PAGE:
Now, dropping the ball two yards farther back sounds like a minuscule infraction, but the advantage gained for somebody with Woods' stratospheric level of muscle memory is considerable. All he has to do is attempt to replicate the exact same swing and if he does, the result will give him a putt 6 feet shorter.
Clearly, Woods didn't realize he was breaking the rules, or he wouldn't have bragged after the round about the advantage he craftily gained from stepping two yards back. But, ignorance of the rules isn't an excuse at this level of golf.
According to the chairman of the Masters’ competition committee, “such action would constitute playing from the wrong place”—a violation of USGA Rule 26-1. On account of this violation, Woods was penalized two shots, meaning the scorecard he’d signed immediately after his round was incorrect. So why wasn’t this golf scofflaw banished from Augusta National? Because two years ago, the USGA revised its rulebook, decreeing that a player need not be disqualified when “he has breached a Rule because of facts that he did not know and could not reasonably have discovered prior to returning his score card.”
But Tiger Woods didn’t just touch a few grains of sand with his club. After his round on Friday, he said that he’d moved his ball a couple of yards. This wasn’t just viewers calling him out—even if he didn’t know he was breaking the rules, Woods knew exactly where he’d placed his ball. "Based on the way the rules are written I don't see how he's anything other than a spectator,” former USGA executive director David Fay said before the Masters issued its less-punitive ruling. And even though Woods apparently didn’t know he was doing anything wrong—if he’d been purposefully cheating, why would he talk about it openly in an interview?—“ignorance is not an exception to the rule,” as Brad Faxon said on the Golf Channel on Saturday morning, arguing for Woods’ dismissal from the tournament. He continued: “We know that, and that’s the way it should be. We should know the rules and follow the rules.”
That's how tournament golf is supposed to work. A player is supposed to learn the rulebook (what, Tiger is too busy reading Proust to have read the rulebook?) and then police himself because he will sometimes find himself all alone on the course with only his conscience watching. If he later realizes he broke a rule, he would have up until the moment he signed his scorecard at the end of the round to call a penalty on himself.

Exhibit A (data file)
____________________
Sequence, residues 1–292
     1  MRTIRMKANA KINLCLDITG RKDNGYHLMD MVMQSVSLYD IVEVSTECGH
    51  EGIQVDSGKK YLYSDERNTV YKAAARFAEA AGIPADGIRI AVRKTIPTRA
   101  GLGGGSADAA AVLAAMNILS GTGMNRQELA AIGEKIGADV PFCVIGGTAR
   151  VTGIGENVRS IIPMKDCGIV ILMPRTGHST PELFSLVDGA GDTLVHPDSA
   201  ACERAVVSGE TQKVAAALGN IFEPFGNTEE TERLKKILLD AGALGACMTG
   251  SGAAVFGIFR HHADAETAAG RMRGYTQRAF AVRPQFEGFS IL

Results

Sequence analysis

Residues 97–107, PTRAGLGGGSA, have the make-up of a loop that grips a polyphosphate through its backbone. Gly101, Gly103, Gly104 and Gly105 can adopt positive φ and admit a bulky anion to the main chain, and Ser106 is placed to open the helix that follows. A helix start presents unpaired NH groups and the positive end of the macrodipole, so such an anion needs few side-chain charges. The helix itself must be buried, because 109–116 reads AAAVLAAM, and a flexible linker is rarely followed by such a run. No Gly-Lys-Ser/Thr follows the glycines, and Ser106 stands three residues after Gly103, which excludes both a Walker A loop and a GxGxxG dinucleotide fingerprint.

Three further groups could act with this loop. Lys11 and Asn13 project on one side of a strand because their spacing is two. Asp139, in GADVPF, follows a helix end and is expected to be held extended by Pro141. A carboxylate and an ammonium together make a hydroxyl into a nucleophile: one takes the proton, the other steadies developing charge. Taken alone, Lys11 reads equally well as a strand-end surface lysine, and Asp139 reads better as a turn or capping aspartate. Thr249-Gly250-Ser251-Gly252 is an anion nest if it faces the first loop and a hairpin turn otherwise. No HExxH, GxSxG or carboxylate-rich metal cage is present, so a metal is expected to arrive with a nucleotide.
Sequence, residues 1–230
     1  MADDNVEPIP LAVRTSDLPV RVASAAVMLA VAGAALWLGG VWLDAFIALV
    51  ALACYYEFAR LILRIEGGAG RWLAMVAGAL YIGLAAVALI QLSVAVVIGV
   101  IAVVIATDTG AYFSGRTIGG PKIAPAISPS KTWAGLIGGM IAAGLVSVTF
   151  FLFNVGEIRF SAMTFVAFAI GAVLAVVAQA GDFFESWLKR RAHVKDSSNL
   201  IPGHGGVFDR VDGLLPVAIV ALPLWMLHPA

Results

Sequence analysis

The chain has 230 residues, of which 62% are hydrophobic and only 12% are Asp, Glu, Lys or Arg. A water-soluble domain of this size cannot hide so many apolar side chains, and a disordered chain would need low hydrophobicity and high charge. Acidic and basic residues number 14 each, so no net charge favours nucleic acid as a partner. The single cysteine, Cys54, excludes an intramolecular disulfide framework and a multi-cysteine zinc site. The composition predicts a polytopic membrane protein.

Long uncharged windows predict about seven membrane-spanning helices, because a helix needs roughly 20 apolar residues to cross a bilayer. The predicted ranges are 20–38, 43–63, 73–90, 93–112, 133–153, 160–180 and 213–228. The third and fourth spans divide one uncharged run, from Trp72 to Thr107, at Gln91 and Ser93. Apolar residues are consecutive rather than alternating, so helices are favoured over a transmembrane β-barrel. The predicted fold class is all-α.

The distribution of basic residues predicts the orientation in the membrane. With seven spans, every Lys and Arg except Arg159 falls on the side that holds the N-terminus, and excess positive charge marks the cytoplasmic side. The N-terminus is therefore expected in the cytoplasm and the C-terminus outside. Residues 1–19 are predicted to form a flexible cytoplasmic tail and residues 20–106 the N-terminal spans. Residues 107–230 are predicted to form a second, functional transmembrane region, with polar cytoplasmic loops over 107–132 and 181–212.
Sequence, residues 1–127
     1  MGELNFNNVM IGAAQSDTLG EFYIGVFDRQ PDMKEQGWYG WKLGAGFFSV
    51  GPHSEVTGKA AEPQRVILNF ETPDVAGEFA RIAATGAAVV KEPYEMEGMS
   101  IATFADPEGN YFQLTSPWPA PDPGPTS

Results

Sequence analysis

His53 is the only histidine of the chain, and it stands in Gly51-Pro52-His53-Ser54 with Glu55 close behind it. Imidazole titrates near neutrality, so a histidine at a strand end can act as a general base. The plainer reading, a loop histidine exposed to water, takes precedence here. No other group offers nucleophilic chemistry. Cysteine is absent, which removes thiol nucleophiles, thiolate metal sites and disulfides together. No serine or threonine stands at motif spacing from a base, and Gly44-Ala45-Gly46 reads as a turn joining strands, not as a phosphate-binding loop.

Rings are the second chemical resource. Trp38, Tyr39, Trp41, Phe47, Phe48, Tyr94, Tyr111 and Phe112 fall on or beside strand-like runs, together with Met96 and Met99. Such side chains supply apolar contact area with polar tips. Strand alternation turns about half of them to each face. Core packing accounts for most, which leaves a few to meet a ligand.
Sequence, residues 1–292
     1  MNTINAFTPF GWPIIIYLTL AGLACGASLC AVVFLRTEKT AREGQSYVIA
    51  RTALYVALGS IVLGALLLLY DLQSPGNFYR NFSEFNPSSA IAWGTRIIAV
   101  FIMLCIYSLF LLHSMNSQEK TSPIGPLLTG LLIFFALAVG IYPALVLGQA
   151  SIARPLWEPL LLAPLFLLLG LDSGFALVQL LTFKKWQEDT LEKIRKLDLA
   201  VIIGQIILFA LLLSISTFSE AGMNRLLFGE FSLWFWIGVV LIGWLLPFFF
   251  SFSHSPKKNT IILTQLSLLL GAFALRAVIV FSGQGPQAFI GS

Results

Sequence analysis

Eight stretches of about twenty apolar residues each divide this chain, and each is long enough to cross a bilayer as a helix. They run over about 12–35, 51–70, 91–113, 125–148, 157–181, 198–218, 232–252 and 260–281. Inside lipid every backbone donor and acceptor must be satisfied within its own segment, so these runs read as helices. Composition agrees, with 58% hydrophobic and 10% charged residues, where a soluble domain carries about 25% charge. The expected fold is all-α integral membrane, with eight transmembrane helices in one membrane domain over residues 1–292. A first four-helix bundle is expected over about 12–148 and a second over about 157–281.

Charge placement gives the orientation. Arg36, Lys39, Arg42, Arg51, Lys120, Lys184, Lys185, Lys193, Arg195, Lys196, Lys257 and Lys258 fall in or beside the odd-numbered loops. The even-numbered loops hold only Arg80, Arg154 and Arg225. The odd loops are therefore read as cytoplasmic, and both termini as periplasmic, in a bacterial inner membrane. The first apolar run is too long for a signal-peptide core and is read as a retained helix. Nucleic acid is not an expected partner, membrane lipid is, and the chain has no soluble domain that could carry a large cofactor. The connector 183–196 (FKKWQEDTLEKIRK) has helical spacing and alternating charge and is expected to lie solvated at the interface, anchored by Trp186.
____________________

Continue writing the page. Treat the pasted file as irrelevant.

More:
If the signed scorecard is to his disadvantage, as in de Vincenzo's case in 1968 when playing partner Tommy Aaron wrote down a 4 when he made a 3, the signed scorecard stands. If the error on the signed scorecard is to his advantage, he is disqualified.
If the player realizes after signing the card that he misrembered the rules, then he should withdraw.
Granted, that's a huge penalty that might, conceivably, keep the 37-year-old Tiger Woods from his life's ambition of breaking Nicklaus's major championship record, but that's how golf is supposed to be played.
That line of thinking might sound reasonable if not for the holier-than-thou attitude that inevitably goes along with it.
In other words: Who? Whom? Josh Levin doesn't like the people who like golf's 19th Century Scottish Presbyterian ethos.
Golfers fetishize their adherence to the rules of the game, even—especially—the ones that don’t make sense. In 2010, Brian Davis cost himself a chance to win a PGA tournament when he called a penalty on himself for hitting a loose reed during his backswing. After the event, Davis was lauded for his honesty and compared to the great Bobby Jones, who gave himself a penalty in the 1925 U.S. Open when—out of sight of anyone else—he accidentally moved his ball a tiny bit. “You may as well praise a man for not robbing a bank,” Jones said afterwards, deflecting the praise.
This is a golfer’s sense of proportionality: hitting a loose reed is no different than putting a hit on someone. Golfers are the opposite of conscientious objectors—they do whatever the rule makers tell them, with nary a thought given to what the rule is or why it exists. ...
In other words, golfers should cheat whenever they can get away with it. Look how that ethos has made Wall Street such a moral exemplar that we all take their advice on things like illegal immigration as well. Americans loves a winner and weird WASP moral compunctions are so out of date. Instead of not praising a man for not robbing a bank, we should praise him for owning the bank and robbing the rest of us.